Saturday, September 26, 2009


A bit ago I had some delectable currant oatmeal cookies at Mangia in Midtown with good friend Nikki. I had never though about replacing raisins in oatmeal cookies with currants, but the concept was delightful! Currants are very popular in Europe, but in the states they are harder to come by, at least in grocery stores.

This summer we had the pleasure of getting many currants. One week I made Blueberry Currant Jam, which I posted about here. Another week I decided to dry the currants in a very low oven temperature (150 degrees F) on parchment paper. After about 48 hours, they became raisin-like and can now be used as an ingredient in oatmeal cookies or traditional current scones.

I haven't decided what to use mine with (I'm storing them in the refrigerator until I do), but most likely they will be in either my favorite oatmeal cookie recipe from the Gourmet cookbook or in traditional scones. I love the following oatmeal cookie recipe because it focuses on the oats, and not so much the flour.

Oatmeal Cookies

1 3/4 c. old-fashioned rolled oats
3/4 c. all purpose flour
3/4 t. baking soda
1/2 t. salt
1 1/4 sticks (10 TBS) unsalted butter, softened
1/3 c. packed light brown sugar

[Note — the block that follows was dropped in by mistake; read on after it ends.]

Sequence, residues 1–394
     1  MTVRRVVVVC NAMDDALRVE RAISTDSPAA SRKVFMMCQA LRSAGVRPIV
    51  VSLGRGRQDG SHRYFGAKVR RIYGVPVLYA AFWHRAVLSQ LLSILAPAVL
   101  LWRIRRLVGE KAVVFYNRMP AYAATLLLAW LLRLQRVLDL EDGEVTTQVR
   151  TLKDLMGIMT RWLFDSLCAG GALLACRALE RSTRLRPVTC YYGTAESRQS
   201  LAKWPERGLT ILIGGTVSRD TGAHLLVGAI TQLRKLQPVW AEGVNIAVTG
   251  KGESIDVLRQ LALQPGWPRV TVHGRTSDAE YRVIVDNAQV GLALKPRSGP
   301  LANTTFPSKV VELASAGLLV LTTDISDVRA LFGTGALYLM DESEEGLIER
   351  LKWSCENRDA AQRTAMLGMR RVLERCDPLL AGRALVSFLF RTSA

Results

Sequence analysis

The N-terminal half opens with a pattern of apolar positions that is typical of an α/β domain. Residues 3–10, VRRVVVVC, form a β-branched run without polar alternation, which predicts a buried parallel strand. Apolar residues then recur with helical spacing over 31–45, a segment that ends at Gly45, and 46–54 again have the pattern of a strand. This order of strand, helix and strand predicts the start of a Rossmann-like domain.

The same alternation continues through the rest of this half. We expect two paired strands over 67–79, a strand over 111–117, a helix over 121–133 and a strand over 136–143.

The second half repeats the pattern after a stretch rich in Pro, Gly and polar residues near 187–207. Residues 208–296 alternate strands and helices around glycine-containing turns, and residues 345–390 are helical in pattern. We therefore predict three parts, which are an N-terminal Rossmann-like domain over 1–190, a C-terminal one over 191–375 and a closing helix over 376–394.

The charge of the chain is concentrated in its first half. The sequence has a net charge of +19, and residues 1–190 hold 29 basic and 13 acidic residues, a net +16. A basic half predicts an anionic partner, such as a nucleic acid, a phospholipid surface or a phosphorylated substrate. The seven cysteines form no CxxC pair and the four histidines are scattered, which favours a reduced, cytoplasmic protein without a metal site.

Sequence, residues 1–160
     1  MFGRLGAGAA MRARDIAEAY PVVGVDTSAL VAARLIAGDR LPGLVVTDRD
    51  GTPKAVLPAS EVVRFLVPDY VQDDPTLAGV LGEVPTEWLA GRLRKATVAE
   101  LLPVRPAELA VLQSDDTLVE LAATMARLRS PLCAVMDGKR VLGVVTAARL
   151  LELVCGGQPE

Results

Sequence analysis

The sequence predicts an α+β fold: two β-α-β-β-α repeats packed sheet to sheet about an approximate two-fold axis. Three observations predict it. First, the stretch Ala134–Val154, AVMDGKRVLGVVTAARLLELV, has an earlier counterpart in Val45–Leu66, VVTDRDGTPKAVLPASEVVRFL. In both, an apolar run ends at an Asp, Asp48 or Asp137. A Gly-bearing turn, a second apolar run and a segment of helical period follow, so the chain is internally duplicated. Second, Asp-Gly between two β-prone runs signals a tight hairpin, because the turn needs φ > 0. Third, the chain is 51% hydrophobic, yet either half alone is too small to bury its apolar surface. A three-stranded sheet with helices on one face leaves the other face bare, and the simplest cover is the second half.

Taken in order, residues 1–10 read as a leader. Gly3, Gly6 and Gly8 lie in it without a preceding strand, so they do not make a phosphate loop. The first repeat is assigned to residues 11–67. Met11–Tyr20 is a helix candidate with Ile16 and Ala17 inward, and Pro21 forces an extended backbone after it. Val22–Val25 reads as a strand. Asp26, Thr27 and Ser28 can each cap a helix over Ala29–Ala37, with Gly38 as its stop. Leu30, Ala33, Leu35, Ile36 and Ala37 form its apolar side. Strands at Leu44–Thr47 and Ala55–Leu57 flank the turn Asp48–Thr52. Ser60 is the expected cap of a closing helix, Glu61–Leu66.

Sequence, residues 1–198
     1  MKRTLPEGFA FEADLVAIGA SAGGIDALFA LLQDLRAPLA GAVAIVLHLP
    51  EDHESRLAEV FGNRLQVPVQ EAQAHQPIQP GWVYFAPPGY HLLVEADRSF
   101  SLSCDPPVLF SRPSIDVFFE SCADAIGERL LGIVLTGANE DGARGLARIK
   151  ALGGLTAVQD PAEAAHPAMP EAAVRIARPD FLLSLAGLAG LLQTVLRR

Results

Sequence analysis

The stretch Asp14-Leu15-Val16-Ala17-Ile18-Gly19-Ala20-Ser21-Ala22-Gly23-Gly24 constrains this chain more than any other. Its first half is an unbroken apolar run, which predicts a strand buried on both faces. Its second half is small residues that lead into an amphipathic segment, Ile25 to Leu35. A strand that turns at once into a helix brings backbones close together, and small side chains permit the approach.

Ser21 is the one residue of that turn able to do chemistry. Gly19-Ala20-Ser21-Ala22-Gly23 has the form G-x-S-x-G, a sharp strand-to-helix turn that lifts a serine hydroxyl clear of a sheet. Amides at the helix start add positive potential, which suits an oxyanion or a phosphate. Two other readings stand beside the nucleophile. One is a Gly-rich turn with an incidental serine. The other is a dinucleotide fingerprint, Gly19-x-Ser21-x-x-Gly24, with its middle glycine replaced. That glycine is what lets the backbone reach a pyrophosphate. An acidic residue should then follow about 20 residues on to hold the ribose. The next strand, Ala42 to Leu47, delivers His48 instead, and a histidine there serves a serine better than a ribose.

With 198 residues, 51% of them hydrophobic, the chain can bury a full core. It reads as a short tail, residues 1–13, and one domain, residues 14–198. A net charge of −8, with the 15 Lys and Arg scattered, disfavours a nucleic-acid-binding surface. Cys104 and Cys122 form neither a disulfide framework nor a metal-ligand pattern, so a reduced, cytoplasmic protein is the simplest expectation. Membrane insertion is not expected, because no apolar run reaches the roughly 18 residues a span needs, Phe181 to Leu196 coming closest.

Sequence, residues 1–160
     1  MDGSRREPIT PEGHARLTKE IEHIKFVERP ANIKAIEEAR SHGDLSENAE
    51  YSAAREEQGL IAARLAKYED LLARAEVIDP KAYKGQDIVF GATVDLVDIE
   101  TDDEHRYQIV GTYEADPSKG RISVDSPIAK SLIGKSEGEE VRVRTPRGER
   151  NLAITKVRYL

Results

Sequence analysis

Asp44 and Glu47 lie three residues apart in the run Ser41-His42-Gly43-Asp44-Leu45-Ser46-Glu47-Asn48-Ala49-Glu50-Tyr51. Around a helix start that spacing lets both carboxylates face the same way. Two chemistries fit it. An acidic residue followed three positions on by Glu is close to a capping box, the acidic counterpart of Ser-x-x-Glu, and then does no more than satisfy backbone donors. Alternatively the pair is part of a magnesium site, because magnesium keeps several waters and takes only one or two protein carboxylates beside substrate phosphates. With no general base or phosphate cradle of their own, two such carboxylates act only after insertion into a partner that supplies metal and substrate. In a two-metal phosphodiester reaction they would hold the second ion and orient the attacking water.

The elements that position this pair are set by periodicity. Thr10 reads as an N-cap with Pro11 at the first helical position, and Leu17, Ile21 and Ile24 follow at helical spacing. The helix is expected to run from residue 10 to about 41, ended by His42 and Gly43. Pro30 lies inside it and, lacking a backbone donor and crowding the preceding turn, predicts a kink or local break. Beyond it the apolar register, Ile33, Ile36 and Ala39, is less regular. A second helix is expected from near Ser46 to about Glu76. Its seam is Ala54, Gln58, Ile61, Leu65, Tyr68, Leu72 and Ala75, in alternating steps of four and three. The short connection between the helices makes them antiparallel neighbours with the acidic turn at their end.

1 large egg
1/2 t. vanilla extract

Put racks in upper and lower thirds of oven and preheat oven to 375 degrees F. Butter two large baking sheets. Stir together oats, flour, cinnamon, baking soda, and salt in a bowl. Beat together butter, brown sugar, and granulated sugar in a large bowl with an electric mixer at medium speed until fluffy, about 3 minutes. Add egg and vanilla and beat until well combined. Add oat mixture and beat until just combined.

Drop heaping tablespoons of dough about 2 inches apart onto buttered baking sheets and flatten mounds slightly with moistened fingers. Bake cookies, switching position of sheets halfway through baking, until golden, about 12 minutes total. Transfer cookies to racks to cool.

Cook's Notes:

Add 1/2 to 1 cup raisins, dried cherries, chocolate chips, chopped nuts, or any combination to dough if desired.
Sometimes I substitute half of the white flour with whole wheat flour. This makes me feel like I'm eating something a bit healthier.

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